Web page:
“We can generate nearly perfect arrays over macroscopic surfaces where the density is over 15 times higher than anything achieved before,” Russell says. “With that order of density, one could get a high-definition picture on a screen the size of a JumboTron.”

Semiconductor Storage

While this technology could significantly advance our abilities when it comes to storage densities, another technology from the National Institute of Standards and Technology brings semiconductor materials into the picture by enabling these to store data.   

NIST scientists have demonstrated for the first time the concept of a vital magnetic characteristic of specifically fabricated semiconductor devices. The team hopes that this breakthrough could lead to smaller and faster devices, benefiting from the magnetic data storage capabilities found in the semiconductor materials.

Conventional magnetic storage devices used in consumer electronics, such as computer hard drives, MP3 players and other products based on metallic materials, have separate data storage and execution units. At least part of the delay (or slowness) generated by current products is because of the relatively long route the data traverses — being retrieved from the storage, passed on to the CPU for processing and execution, and then back again to the storage unit. These back-and-forth transfers dramatically hinder the general performance of the system.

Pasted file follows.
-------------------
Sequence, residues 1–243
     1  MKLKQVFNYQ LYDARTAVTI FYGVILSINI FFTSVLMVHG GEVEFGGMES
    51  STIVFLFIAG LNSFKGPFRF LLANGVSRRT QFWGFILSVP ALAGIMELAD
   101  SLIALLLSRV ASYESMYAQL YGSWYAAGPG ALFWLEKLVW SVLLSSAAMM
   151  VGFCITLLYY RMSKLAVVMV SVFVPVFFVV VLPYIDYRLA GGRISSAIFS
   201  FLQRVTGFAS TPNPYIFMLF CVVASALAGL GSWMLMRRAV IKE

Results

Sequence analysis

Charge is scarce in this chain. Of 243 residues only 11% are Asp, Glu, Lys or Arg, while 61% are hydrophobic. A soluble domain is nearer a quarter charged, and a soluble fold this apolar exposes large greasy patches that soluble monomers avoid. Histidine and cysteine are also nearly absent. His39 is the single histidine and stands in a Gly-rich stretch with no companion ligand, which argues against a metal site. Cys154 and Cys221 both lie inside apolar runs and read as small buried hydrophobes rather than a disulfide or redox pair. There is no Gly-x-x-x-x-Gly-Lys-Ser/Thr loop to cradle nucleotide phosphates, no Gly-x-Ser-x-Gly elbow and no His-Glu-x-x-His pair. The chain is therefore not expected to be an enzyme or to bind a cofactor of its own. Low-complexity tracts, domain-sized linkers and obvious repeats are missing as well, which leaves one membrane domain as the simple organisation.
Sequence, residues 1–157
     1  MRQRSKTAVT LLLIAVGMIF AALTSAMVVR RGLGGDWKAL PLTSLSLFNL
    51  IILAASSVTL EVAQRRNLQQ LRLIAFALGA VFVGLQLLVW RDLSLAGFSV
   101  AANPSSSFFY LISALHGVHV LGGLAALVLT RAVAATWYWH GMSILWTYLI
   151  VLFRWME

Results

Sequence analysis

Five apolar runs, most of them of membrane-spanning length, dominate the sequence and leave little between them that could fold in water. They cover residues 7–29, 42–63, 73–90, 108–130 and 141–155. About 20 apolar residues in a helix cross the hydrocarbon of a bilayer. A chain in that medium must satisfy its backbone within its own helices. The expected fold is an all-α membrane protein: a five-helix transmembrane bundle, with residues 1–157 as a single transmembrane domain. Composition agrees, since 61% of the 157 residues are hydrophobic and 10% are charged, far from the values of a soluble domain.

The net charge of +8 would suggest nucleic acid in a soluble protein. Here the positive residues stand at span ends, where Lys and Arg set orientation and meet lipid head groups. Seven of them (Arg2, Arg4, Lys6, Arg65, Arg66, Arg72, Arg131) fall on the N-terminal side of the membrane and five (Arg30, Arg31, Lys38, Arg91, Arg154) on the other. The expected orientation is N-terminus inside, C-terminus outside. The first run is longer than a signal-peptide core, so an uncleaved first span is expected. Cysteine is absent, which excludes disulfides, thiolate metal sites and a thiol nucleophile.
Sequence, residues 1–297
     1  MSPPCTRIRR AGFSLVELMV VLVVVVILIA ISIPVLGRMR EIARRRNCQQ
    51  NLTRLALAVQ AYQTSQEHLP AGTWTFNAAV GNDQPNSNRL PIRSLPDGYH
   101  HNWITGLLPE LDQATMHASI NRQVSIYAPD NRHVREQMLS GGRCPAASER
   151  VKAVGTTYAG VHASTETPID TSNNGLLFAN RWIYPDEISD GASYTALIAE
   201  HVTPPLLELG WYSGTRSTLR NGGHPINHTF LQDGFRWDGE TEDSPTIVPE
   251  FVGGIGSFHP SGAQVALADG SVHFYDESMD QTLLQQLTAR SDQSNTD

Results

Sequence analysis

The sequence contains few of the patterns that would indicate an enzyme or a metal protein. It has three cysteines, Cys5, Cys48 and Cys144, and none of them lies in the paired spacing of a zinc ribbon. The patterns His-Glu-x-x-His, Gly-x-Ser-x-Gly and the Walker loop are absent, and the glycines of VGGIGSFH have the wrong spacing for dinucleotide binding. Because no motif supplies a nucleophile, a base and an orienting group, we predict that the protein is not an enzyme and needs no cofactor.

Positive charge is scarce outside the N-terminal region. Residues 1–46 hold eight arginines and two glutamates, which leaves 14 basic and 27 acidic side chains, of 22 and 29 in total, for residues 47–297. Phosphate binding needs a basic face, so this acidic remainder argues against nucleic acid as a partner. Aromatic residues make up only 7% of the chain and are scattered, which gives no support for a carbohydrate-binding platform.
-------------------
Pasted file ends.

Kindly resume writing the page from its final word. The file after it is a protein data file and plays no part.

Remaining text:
The new technology developed by NIST in collaboration with Korea University and the University of Notre Dame, has proved that thin magnetic layers of semiconductor material could demonstrate antiferromagnetic (AF) coupling, in which one layer spontaneously lines up its magnetic pole in the opposite direction to that of the adjacent magnetic layer.

The 2007 Nobel Prize in physics was granted for the discovery of AF coupling in metals. Researchers say their new technology enables this property to be extended from metals to semiconductor materials. As a result, the new semiconductor materials would not only compute but also be able to store data.

The researchers reported that at low temperatures and high magnetic fields, the beamed neutrons data was observed to indicate a parallel alignment of all layers. This, they say, shows that AF coupling is achievable in GaMnAs-based multilayers.

This said, the technique has yet to become practical, as this phenomenon occurs only at very cold temperatures nearing 30 Kelvin (-243.15 Celsius or -405.67 Fahrenheit). However, the researchers say they expect that a method for maintaining the same magnetic properties at room temperature can be developed.

Once commercialized, the potential advances in storage systems are likely to have dramatic consequences on the consumer electronics market. While both technologies are yet in relatively early stages of development, if the scientists do succeed in demonstrating easy-to-implement solutions based on the experimental findings, the emerged solutions could answer the industry’s demands on both the cost and performance levels.